In a study on Feulgen hydrolysis of frozen-dried alcohol-fixed lily anthers, a chromatographic technique was developed to analyze the acid hydrolysate for some of the degradation products of nucleic acid. Hydrolysis was accomplished by 10 per cent perchloric acid at 20°C., and a typical hydrolysis time-Feulgen intensity curve was obtained, with maximum staining occurring at 19 hours. Microphotometric measurements indicated that the amount of stain per nucleus was no different from amount in nuclei fixed and hydrolyzed by more conventional procedures.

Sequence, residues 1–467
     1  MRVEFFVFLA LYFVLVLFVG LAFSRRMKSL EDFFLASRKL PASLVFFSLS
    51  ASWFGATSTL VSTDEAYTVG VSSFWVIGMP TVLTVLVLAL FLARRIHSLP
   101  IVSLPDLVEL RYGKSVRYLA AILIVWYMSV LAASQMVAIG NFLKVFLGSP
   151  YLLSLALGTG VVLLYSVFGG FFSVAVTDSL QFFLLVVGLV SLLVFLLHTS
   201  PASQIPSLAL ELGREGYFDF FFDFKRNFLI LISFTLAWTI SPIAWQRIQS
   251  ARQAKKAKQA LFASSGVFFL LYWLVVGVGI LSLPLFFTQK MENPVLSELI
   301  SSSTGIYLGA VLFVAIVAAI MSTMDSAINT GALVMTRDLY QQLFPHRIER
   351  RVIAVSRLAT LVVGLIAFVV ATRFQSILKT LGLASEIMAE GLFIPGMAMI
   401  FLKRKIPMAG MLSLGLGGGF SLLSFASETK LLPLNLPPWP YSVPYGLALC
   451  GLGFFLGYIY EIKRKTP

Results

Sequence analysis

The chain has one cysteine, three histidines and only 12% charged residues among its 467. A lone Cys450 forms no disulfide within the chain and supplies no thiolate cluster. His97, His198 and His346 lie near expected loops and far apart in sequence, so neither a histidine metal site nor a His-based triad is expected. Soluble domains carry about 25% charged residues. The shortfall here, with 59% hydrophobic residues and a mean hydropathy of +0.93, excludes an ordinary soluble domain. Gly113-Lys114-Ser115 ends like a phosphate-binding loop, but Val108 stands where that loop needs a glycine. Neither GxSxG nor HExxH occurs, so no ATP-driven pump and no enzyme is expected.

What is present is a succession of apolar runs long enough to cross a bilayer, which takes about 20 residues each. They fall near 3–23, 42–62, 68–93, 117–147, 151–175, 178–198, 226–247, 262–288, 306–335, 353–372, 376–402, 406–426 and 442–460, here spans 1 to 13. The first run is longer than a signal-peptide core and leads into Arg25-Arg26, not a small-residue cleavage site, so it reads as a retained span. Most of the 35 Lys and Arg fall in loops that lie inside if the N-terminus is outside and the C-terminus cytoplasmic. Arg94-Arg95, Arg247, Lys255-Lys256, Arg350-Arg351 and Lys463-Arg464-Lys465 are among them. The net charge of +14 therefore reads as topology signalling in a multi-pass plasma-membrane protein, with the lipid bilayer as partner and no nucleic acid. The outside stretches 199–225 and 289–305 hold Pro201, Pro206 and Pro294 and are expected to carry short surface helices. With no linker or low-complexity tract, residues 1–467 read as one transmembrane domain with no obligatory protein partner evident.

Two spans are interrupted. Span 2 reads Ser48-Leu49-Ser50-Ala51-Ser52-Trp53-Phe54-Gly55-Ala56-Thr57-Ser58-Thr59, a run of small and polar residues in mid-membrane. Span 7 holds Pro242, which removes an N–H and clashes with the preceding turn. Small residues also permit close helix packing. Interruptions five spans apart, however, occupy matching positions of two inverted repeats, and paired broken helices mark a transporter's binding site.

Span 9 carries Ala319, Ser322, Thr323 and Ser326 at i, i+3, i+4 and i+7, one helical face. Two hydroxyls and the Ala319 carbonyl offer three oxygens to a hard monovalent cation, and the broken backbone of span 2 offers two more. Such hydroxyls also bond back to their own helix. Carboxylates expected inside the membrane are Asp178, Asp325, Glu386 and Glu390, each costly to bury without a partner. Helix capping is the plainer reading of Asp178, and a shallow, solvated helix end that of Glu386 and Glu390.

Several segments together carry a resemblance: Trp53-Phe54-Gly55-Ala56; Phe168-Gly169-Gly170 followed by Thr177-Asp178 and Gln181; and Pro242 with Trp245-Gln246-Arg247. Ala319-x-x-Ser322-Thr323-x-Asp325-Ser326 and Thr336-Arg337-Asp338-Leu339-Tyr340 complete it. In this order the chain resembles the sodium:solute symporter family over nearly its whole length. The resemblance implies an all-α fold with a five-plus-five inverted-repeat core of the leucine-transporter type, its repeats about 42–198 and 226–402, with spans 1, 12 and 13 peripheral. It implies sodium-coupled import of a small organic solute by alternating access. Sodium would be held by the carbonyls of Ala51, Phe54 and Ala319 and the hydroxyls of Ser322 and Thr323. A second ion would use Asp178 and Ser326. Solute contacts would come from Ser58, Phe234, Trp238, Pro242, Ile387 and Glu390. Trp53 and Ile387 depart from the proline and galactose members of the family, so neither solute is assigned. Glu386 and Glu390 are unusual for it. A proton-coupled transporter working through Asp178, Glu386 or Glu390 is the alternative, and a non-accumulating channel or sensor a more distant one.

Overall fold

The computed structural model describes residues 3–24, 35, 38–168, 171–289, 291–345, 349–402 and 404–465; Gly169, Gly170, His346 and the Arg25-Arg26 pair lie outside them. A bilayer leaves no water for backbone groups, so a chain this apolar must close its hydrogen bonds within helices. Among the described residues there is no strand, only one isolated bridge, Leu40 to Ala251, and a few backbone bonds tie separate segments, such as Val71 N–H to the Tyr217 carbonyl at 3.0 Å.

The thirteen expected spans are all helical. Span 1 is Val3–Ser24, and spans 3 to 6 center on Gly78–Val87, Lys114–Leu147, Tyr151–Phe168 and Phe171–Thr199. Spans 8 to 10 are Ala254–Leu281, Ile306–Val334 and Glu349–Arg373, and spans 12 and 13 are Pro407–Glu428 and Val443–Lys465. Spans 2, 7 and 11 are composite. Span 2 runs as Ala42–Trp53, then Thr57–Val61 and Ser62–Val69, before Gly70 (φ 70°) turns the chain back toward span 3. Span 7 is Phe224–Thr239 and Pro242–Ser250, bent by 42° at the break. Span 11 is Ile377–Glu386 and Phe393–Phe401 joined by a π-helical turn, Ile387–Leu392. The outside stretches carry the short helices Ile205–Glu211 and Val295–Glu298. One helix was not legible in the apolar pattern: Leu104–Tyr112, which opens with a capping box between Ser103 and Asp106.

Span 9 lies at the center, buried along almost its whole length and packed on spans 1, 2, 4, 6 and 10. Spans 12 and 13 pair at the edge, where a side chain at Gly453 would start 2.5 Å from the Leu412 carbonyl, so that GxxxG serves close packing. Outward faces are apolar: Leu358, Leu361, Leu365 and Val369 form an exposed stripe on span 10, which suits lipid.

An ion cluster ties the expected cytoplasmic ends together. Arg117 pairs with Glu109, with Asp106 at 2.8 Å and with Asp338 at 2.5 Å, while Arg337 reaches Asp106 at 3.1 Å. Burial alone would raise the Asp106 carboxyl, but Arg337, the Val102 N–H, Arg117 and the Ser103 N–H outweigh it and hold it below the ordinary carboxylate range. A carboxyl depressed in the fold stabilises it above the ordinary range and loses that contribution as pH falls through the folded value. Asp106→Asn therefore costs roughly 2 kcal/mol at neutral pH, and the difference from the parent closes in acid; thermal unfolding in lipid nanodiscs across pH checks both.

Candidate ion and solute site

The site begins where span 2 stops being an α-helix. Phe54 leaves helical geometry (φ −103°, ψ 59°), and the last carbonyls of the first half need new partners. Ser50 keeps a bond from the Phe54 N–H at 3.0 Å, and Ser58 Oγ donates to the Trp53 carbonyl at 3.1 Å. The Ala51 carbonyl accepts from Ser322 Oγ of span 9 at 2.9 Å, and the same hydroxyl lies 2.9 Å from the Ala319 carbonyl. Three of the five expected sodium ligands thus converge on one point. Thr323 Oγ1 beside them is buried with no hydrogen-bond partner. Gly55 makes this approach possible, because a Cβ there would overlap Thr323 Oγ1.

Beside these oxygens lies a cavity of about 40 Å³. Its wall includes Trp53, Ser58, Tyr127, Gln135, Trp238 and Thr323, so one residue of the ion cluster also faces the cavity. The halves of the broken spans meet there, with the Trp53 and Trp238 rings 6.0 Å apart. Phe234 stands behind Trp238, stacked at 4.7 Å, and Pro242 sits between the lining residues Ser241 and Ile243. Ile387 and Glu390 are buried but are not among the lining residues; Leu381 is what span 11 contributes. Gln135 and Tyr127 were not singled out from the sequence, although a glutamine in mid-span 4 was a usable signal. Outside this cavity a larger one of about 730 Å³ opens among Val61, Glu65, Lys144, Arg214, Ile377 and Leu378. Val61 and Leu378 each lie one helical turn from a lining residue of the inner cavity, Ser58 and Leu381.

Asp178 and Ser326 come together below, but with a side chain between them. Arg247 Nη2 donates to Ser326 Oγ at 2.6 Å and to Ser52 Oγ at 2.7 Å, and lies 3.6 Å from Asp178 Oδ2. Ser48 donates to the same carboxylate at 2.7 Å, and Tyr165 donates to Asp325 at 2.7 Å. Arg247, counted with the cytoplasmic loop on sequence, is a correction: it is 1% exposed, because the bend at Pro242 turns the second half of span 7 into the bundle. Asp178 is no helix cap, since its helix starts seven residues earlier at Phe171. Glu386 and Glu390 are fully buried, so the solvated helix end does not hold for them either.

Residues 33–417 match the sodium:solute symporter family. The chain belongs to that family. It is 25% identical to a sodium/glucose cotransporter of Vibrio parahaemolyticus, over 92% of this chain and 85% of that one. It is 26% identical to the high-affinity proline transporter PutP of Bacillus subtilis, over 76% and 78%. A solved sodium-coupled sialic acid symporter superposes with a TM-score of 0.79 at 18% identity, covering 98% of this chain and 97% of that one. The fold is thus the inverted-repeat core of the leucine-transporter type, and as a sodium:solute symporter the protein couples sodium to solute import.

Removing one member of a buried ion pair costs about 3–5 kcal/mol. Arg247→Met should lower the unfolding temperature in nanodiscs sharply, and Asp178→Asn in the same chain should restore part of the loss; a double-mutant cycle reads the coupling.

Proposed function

Uracil-containing material (from ribonucleic acid) was almost completely separated from thymine-containing material (deoxyribonucleic acid) of tissue sections by acid treatment for 1½ hours. Adenine (purines), as the base, was effectively all removed from the deoxyribonucleic acid at the time of optimum hydrolysis. Detectable amounts of thymine-containing material appeared in the hydrolysate shortly after the onset of hydrolysis; and the amount increased rapidly with increased hydrolysis time. At the time of optimum hydrolysis approximately two-thirds of the total deoxyribonucleic acid thymine was lost. The removal of these thymine-containing fragments was linear with respect to time during the first 24 hours and occurred at a relatively high rate. Removal after 24 hours was also linear but was at a markedly lower rate. These results would suggest that two kinds of deoxyribonucleic acid exist in lily anthers; an acid-labile fraction amounting to approximately three-fourths of the total, and an acid-resistant fraction making up the remainder. In the Feulgen procedure much of the labile fraction is lost by the time of optimum hydrolysis and is not stained; most of the stable fraction remains in the tissue and is stained. In light of these findings the use of the Feulgen method as a means of determining cytochemically relative amounts of deoxyribonucleic acid in nuclei by measuring their Feulgen dye content was discussed.